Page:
I learned something this week that changed how I give feedback.
For years I've been teaching and practicing giving feedback using the "sandwich" method. You may know it as the "success sandwich", while others have a less tactful name for it (you likely know that one too ;o)
You're probably aware of this method that suggests it's best to serve feedback prefaced with a positive, give the suggestion for change, then end with another positive. Maybe you've even used it yourself, or had this sandwich served up to you.
Here's why that system doesn't work ... You're waiting for the shoe to drop.
That traditional approach might work once, maybe twice. After that, you begin to notice a pattern. You tell yourself, "Hey, when Joe gives me a compliment, it's followed by the old one-two knock-down punch". You begin to associate an atta-girl or atta-boy with a negative. You're waiting for the proverbial shoe to drop and feel like you're being buttered up, only to be knocked down.
A colleague of mine, Shelle Rose Charvet, introduced me to a new way of looking at and giving feedback. She told me about a certification course that she was overseeing. Through many years of giving this week-long course, there were always two or three people who didn't quite make the cut and therefore, did not gain certification.
Then, she changed how she gave feedback, and guess what? She got different results. You can too.
Shelle began to offer only positive feedback and you know what happened? For the first time in years of her giving this certification course, every single person passed. Now, that doesn't mean that she and her team of coaches didn't offer suggestions for change - they just changed the way they did so.
I've gleaned from Shelle's system and added my own touch to come up with a formula for giving feedback that will work. You have the exact wording you can use below Here it is:
HOW TO GIVE FEEDBACK
1) "When you ..." (describe his/her behaviour)
2) ... consider doing this (describe your suggested behaviour)
3) "This will help you to GET ..." (describe the benefit, the gain, what they will MOVE TOWARD)
4) "And, it will help you to AVOID ..." (describe the pain, what they will MOVE AWAY FROM)
5) End with an authentic compliment and encouraging praise.
In action, it sounds something like this:
"Tom, when you hand in a report, consider the idea of including some charts in it. This will help you get your point across in a snapshot to senior management who is time-pressed, and you'll avoid the frustration and time of leadership not responding quickly and when they finally do, you having to explain and clarify the points you're making. Good job on this report! You've produced a polished and useful document that will impact the direction management takes. I look forward to seeing your next one."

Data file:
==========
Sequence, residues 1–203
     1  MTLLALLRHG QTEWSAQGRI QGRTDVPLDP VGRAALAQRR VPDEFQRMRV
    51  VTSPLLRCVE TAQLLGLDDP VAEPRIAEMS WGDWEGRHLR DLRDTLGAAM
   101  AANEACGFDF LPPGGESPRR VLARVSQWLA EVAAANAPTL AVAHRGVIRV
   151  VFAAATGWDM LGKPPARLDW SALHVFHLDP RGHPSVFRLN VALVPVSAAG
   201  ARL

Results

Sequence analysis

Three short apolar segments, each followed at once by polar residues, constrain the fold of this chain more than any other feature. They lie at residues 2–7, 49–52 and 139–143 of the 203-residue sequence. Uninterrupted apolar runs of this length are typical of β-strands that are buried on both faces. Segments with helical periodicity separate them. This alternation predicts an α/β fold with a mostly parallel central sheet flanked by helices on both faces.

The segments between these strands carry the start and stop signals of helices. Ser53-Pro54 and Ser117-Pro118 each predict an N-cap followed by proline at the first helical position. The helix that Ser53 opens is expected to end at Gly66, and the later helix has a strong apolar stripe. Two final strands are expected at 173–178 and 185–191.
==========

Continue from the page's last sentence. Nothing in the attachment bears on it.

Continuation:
Instead of sounding like chastising -- "Tom, your report is good BUT it didn't have charts in it. That's an oversight" -- this alternate approach is simply an observation without a tone of reprimand. It communicates the same information with a different and more positive tone.
Some people believe that the best way to give feedback is to break someone down so you can build them back up the way want them. I disagree. There's no need to "break" anyone, especially if you hope to keep them engaged and motivated.
And there you have it -- a different slant on how to serve up feedback. Give it a try and let me know how it goes. In fact, if you have comments about this article, or my website, or one of my sessions you may have attended or any aspect of my biz, offer your feedback using this new model. This is a safe and confidential place for you to practice your new skill.
I look forward to hearing from you and how this technique works for you. Now that's feedback I value.
Until next time, here's to ...
Better communication, Better business, Better life,
Marion Grobb Finkelstein
Keynote Speaker / Corporate Trainer / Author
© 2012 Marion Grobb Finkelstein
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